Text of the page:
As our collective and individual digital worlds continue to expand, we create and rely on more and more personal data being in the digital realm. In the process, our personal data becomes worth as much as – or more than – any valuable possession (family jewels, anyone?) we might lock up and safely store. That data also is every bit as vulnerable, maybe even more so.
Despite evidence that shows that simply paying attention to cybersecurity can reduce risks, and the prevalence of cyberthreats to institutions and individuals alike, a recent Pew Research Center survey reveals that many are unclear about critical cybersecurity concepts, terms, and topics.
The survey demonstrates that a majority of adults know how to create a strong password and are aware of the dangers of using public Wi-Fi at places like the coffee shop down the street. But many also struggle with other basic but more seemingly technical processes, such as determining if a web site they are using is encrypted.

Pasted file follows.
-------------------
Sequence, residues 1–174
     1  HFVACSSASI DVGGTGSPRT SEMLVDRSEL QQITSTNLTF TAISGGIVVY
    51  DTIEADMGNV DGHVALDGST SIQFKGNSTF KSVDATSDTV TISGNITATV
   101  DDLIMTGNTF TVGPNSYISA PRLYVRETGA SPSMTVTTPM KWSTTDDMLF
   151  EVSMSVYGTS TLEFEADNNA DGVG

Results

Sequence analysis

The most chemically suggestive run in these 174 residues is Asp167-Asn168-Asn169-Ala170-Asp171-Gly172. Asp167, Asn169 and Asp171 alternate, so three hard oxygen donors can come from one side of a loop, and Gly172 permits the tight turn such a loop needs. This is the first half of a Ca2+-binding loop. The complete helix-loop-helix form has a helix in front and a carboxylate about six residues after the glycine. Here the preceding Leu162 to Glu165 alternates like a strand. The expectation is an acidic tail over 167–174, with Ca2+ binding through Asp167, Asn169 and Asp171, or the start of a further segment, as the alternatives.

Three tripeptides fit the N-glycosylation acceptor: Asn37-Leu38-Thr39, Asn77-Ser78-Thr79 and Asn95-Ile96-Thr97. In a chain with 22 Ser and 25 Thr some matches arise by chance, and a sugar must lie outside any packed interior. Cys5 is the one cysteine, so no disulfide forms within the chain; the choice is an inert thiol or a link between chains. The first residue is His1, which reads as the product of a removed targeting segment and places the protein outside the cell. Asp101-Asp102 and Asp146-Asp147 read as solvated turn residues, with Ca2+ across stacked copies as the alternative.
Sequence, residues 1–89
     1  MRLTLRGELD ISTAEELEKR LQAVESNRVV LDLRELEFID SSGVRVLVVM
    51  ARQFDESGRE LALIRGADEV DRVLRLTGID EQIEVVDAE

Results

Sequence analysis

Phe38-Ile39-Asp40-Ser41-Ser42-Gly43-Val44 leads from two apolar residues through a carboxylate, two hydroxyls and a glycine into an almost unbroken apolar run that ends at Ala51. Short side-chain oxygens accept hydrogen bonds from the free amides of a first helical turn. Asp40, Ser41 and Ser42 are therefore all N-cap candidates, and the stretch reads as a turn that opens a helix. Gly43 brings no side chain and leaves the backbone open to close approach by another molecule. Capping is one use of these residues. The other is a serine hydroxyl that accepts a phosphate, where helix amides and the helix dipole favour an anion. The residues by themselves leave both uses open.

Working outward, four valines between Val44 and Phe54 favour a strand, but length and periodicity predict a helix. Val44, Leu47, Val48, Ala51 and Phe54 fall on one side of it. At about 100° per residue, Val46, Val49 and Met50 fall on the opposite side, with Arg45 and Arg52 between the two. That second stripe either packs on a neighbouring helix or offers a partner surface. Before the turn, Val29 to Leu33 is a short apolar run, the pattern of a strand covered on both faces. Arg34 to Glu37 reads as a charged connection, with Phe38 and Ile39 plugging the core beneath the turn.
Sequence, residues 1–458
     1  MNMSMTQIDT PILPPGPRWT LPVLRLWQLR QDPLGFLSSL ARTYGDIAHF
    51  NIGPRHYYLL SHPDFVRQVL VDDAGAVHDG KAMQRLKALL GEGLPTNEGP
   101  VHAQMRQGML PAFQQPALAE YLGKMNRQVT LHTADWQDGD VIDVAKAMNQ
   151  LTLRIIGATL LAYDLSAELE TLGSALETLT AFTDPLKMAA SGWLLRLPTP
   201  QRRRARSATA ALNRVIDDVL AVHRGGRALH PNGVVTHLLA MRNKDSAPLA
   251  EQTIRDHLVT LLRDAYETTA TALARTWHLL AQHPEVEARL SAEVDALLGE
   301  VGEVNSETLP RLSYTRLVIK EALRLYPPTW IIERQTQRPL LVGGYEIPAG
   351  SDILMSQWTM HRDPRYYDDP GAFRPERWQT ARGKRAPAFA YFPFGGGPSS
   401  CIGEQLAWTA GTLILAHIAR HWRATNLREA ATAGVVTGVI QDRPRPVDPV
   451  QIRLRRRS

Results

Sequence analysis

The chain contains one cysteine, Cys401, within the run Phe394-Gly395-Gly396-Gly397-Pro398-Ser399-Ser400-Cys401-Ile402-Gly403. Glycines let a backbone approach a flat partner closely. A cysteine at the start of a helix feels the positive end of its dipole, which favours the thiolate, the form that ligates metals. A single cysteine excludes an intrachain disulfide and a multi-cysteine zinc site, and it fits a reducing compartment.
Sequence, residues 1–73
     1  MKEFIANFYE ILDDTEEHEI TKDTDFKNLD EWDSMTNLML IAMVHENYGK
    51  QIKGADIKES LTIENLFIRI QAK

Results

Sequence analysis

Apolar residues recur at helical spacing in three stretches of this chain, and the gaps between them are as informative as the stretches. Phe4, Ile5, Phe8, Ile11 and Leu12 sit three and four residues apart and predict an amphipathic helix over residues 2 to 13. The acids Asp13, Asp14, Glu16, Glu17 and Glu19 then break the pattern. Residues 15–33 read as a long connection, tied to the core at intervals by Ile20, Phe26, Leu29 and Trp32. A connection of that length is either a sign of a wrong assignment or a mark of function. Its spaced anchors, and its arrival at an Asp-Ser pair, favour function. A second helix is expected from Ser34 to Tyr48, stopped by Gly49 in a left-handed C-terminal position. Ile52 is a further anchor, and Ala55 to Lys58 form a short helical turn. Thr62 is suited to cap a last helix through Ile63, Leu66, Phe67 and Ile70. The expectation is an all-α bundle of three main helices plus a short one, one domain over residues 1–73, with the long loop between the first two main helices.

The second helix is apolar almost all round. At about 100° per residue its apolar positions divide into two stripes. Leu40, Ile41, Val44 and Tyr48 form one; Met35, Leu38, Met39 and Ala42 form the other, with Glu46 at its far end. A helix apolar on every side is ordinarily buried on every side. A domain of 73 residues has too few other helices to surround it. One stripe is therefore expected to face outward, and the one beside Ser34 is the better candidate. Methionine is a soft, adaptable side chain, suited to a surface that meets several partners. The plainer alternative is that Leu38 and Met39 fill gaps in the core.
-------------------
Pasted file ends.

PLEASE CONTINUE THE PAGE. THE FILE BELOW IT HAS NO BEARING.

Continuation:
The Pew survey consisted of 13 questions in an effort to test people’s cybersecurity knowledge. Admittedly a broad and complicated topic, the queries aimed to cover the basics that help people to protect themselves online. But the report found that the median respondent was able to answer just five of the 13 questions correctly. Only one in five answered more than eight of the questions correctly. A mere 1 percent earned a perfect score. In general, age made little difference in knowledge. People aged 18 to 49 averaged six correct answers, while those aged 50 to 65-plus averaged five.
Topics ranged from knowledge of virtual private networks to phishing. The online survey of 1,055 adult Internet users living in the United States was conducted June 17-27, 2016. Curious to see how much you know? Take the quiz and find out.